That is why a proper approach toward membership drive must be adopted. Indeed, the party’s leaders themselves have to be more amenable to change and must ensure that the factors that promote in-fighting are eliminated. One major factor is the murderous greed and insensitivity to the plight of the party’s foot-soldiers on the part of those leading the party.

As I have already hinted at, it is clear that the benefits of party work don’t trickle down to reach the foot-soldiers. Even the crumbs that are expected to fall from the high tables for them to pick up don’t.

One will be mistaken not to admit that the NPP does better in this regard. Just consider the fact that under Kufuor, there seemed to be a tacit agreement by which the benefits trickled down the line to reach many. The sharks took their lion’s share but left the crumbs for the small fries to enjoy. The fact is that no matter what happened, the NPP leaders didn’t hide their activities. If they went for the spoils of politics, they did so in the open and boasted of their acquisition. Did they not boast of their landed property and others?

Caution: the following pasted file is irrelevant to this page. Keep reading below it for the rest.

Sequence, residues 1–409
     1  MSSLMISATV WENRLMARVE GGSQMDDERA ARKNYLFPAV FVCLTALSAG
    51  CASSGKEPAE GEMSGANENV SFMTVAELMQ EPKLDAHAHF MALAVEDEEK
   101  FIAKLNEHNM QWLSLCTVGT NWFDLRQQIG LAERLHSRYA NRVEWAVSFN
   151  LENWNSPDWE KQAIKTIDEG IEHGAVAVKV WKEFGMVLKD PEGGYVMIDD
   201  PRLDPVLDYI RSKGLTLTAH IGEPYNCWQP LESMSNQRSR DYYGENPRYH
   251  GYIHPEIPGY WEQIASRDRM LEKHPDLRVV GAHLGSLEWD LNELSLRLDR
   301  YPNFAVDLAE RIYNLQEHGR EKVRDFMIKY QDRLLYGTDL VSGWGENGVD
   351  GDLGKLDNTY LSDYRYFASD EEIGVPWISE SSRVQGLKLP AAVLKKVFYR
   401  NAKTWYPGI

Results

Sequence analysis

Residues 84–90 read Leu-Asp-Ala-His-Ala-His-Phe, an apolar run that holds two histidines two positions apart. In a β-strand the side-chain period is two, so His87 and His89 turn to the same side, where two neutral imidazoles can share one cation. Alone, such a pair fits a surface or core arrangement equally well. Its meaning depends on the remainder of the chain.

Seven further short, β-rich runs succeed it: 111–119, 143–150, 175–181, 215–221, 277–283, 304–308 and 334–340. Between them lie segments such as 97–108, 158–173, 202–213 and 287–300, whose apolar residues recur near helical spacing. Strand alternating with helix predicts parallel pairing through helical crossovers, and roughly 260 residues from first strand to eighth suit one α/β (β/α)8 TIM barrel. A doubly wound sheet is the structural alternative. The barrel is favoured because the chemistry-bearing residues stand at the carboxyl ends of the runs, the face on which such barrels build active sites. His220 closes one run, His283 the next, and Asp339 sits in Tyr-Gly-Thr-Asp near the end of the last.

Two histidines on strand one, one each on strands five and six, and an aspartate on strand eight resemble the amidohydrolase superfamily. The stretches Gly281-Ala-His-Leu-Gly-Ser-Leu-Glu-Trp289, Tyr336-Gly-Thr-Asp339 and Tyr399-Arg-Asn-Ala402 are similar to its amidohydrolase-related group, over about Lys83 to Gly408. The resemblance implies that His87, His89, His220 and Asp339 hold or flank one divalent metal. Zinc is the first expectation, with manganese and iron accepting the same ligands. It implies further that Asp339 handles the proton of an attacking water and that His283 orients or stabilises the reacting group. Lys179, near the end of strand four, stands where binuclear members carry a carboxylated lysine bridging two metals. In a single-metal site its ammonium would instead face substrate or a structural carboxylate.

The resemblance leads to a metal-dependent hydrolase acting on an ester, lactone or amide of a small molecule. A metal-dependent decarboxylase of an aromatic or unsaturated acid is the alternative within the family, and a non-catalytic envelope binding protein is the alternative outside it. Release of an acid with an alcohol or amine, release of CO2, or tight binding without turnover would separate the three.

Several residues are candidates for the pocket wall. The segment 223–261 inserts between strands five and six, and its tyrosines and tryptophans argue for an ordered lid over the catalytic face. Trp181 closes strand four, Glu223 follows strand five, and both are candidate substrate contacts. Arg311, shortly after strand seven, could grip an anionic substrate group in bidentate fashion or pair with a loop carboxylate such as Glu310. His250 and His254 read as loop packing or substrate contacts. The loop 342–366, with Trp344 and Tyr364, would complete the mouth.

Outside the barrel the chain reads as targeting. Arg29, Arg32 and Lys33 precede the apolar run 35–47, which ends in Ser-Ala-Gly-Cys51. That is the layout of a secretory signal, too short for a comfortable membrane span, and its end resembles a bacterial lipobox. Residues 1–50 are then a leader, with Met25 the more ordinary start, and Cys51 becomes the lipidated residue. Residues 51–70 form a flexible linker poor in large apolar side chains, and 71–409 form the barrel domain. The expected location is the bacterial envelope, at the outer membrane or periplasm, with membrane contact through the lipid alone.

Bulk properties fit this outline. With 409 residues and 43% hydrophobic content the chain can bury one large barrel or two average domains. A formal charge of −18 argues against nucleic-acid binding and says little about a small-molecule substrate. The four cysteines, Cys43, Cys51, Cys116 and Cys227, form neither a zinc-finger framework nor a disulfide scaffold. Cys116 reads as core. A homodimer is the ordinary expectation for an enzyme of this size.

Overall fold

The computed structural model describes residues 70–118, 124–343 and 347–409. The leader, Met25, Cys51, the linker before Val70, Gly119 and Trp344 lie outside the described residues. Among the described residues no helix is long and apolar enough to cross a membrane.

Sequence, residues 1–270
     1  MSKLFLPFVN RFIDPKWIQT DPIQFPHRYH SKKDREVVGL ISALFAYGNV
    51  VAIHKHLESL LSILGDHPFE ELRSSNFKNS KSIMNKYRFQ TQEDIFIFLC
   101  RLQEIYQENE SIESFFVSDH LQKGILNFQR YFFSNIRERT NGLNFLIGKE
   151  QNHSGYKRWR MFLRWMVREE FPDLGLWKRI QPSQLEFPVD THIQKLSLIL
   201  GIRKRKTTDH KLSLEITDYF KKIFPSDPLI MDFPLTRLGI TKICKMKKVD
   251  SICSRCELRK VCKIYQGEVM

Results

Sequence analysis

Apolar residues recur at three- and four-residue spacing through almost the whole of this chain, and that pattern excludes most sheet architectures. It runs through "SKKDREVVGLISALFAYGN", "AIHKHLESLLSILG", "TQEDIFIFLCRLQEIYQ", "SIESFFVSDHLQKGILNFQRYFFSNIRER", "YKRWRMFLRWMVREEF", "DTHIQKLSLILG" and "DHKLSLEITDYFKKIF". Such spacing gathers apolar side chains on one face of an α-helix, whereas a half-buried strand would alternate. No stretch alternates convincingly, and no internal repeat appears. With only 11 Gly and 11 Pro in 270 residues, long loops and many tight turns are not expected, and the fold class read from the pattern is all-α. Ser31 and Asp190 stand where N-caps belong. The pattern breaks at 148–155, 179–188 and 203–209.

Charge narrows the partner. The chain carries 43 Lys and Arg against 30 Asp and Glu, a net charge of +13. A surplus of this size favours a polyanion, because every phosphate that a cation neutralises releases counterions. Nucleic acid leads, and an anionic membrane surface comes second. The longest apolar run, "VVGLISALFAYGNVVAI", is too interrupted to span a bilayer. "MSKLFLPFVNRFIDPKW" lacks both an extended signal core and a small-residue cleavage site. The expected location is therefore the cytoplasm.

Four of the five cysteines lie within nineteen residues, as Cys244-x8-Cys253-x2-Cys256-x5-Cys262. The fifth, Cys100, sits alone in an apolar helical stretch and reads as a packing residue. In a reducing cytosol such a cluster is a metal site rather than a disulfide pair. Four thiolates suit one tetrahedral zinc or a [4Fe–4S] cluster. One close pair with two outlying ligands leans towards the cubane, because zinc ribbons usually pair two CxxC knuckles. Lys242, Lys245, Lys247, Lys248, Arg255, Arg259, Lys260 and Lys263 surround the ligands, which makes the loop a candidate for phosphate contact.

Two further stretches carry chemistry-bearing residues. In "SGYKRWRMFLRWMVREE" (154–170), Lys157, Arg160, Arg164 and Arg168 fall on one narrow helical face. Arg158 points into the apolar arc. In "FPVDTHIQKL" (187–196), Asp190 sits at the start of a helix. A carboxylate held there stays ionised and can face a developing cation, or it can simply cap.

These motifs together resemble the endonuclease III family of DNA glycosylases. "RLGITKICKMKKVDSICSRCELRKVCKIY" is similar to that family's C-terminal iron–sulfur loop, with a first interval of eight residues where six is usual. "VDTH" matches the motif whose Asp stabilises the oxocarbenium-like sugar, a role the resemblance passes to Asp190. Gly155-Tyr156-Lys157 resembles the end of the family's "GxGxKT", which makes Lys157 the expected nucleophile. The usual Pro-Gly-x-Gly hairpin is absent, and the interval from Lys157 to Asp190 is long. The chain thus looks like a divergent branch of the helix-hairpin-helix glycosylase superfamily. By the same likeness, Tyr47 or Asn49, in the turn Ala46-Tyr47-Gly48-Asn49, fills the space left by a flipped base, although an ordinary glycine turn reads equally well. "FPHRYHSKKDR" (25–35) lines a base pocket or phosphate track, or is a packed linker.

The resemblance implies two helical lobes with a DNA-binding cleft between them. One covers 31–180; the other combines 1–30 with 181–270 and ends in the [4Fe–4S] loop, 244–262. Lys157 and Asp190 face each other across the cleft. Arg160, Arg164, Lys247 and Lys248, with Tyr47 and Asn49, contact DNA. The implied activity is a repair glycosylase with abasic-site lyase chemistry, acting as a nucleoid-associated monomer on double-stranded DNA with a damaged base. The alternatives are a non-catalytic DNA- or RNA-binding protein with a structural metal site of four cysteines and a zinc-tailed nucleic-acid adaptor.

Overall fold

On the contrary, it seems the NDC hawks are more eager to snatch everything with their talons than bending over to make room for others beneath their upper rungs on the ladder. They behave as if the benefits of politics are reserved for them alone. They strive hard to cover their tracks, fearing to leave behind any trace that might expose them as thieves. Of course, aren’t they haunted by the “revolutionary spirit” that swept some off their feet many years ago?

They know how not to expose their deals; but from the goings-on (the judgement debt payments, the corrupt practices being revealed at SADA, GYEEDA, NHIS, and many others), we know that they are even not the angels that they might portray themselves. Their problem, however, is that they don’t have the spirit of sharing, which clearly separates them from the NPP. And which is why they can’t prevent those they are accusing now of shunning their party for the NPP. I am being brazen here and don’t have any regrets for being so.

I have also observed that the NDC can easily neutralize the NPP’s machinations if its leaders and activists adopt better strategies than what they have been using all these years. Take, for instance, what happens in the various districts, municipalities, and metropolises, where the Chief Executives are more poised to lock horns with anybody with dissenting opinions and strategies for local governance.